On a recent visit to Upstate New York for The Adirondacks (Outdoors) Challenge, Multicultural Travel News had the opportunity to learn about diversity in the region. Not bio-diversity, though our trip did coincide with Invasive Species Awareness Week. But how attractions have taken steps to diversify their visitor base and why the State of New York considers diversity a priority.
At a press conference with the Governor, during a chat with tourism officials and a visit to the Natural History Museum of the Adirondacks’ The Wild Center, it became clear that diversity is important to this non-profit organization and indeed to the State.
In an interview, Gavin Landry, Executive Director of Tourism, New York State at Empire State Development, explained how New York has a history of being at the forefront of important issues. “Support of women’s rights, Susan B. Anthony, Harriet Tubman, ‘We had emancipation before Lincoln was born,” he noted. “Not only are we large geographically and rich with tremendous assets,” he noted, “our goal for diversity at the agency (is to) create greater awareness, not only (among) ethnic, but LGBT visitors,” as well.”
(An interview with Ross D. Levi, VP, Marketing Initiatives, including LGBT market outreach, will appear in a later issue of Multicultural Travel News.)
“Make every decision for the 6 to 7 generations to come.” “We need all New Yorkers to care or how else will there be protections for the future.” “This is everyone’s Adirondacks.” Comments we heard consistently throughout the long weekend – any could be slogans reflecting their outlook.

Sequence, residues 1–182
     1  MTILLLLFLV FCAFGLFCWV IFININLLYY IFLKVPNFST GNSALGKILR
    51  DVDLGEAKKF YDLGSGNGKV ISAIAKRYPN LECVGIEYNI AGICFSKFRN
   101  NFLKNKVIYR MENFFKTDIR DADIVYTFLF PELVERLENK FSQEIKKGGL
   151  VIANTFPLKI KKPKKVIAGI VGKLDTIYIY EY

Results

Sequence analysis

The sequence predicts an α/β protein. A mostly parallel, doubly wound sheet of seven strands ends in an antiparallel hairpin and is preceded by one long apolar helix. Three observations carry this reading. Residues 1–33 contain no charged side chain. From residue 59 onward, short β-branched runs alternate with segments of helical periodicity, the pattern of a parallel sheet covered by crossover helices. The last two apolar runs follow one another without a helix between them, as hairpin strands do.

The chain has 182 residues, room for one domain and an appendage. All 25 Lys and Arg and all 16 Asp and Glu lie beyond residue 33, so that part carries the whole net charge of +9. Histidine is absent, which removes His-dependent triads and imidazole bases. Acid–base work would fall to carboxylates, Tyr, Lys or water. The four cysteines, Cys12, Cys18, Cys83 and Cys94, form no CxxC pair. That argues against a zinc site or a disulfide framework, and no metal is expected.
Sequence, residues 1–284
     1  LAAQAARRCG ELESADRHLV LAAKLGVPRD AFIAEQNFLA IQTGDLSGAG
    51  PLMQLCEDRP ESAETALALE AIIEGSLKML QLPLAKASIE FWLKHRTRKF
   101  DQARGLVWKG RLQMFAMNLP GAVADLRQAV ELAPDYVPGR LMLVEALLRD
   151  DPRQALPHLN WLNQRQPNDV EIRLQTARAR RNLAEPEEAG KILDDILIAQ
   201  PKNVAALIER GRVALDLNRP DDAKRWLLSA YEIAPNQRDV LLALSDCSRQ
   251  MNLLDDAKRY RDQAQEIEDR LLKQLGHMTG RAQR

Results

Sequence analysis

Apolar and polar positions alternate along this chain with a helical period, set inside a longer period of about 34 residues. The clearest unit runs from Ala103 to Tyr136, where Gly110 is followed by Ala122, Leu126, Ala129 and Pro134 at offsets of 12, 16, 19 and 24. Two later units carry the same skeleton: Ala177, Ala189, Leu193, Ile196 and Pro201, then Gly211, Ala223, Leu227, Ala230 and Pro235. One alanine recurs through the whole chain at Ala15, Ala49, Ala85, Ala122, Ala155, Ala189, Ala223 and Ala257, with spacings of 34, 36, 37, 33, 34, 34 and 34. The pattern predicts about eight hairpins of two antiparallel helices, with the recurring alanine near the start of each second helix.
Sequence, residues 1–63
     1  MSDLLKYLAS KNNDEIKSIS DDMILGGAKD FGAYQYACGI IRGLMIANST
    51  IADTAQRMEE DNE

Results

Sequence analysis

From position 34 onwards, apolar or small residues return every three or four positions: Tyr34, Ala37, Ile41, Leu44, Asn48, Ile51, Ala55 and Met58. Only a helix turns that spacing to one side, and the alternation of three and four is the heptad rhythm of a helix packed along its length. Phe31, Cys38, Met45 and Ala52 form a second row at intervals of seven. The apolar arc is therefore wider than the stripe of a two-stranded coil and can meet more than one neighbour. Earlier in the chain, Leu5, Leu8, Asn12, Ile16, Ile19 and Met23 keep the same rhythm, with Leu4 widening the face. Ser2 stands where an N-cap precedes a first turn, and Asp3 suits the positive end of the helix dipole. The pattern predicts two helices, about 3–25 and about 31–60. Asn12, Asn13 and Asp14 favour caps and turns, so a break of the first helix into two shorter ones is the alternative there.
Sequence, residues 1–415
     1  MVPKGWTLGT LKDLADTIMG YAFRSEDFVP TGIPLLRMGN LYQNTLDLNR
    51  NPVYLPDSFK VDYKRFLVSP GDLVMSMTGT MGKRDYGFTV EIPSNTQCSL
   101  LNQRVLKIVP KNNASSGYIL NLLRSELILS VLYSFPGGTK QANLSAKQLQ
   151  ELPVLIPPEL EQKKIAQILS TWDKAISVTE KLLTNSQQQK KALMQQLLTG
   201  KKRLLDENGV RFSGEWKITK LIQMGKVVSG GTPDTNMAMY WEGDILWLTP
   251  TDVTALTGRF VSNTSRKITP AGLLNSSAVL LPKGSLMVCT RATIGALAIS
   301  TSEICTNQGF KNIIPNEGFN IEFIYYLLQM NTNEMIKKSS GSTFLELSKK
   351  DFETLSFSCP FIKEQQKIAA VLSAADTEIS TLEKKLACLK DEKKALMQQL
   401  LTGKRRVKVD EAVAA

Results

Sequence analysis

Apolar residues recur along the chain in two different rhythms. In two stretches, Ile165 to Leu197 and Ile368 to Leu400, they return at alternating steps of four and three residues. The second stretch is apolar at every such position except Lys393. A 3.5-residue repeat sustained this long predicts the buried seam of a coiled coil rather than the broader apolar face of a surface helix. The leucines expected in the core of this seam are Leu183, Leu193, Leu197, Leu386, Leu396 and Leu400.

Native American history and heritage is also part of the equation. Adirondack, the word itself, might have been an insult that a Mohawk would have hurled at an Algonquin. You ‘Bark Eater’ would have been the translation, implying they were bad at hunting.
Hillarie Logan-Dechene, Director of Philanthropy at The Wild Center pointed to the Visit Adirondacks website http://visitadirondacks.com/first-time-visitors/faqs. “The word ‘Adirondack’ originated as a derogatory term given to the Algonquin tribe by neighboring Mohawk, meaning “barkeaters.””
Multicultural Travel News asked Hillarie Logan-Dechene to discuss The Wild Center’s diversity initiatives and goals:
Does The Wild Center have a diversity initiative?The Wild Center is part of an effort (the Adirondack Diversity Advisory Council) that has identified the need to broaden diversity in race, ethnicity, sexual orientation and gender-identity among the Adirondack region’s residents and visitors. The Wild Center is committed to the importance of working at diversifying our base.
Why is diversifying your visitor base important?
The Wild Center was created so ALL people and nature can thrive together. Our mission is to ignite an enduring passion for the Adirondacks, where people and nature can thrive together and set an example for the world. If, for whatever reason, we only serve a segment of the population, we are not meeting our mission. In addition, part of the reason The Wild Center exists is to help people develop an appreciation for the Adirondack region, and help maintain it for future generations. If large segments of our population are not familiar with this place, then they will have no interest in stewarding and preserving what is special about the Adirondacks for those future generations. It is important that all New Yorkers consider the Adirondacks theirs.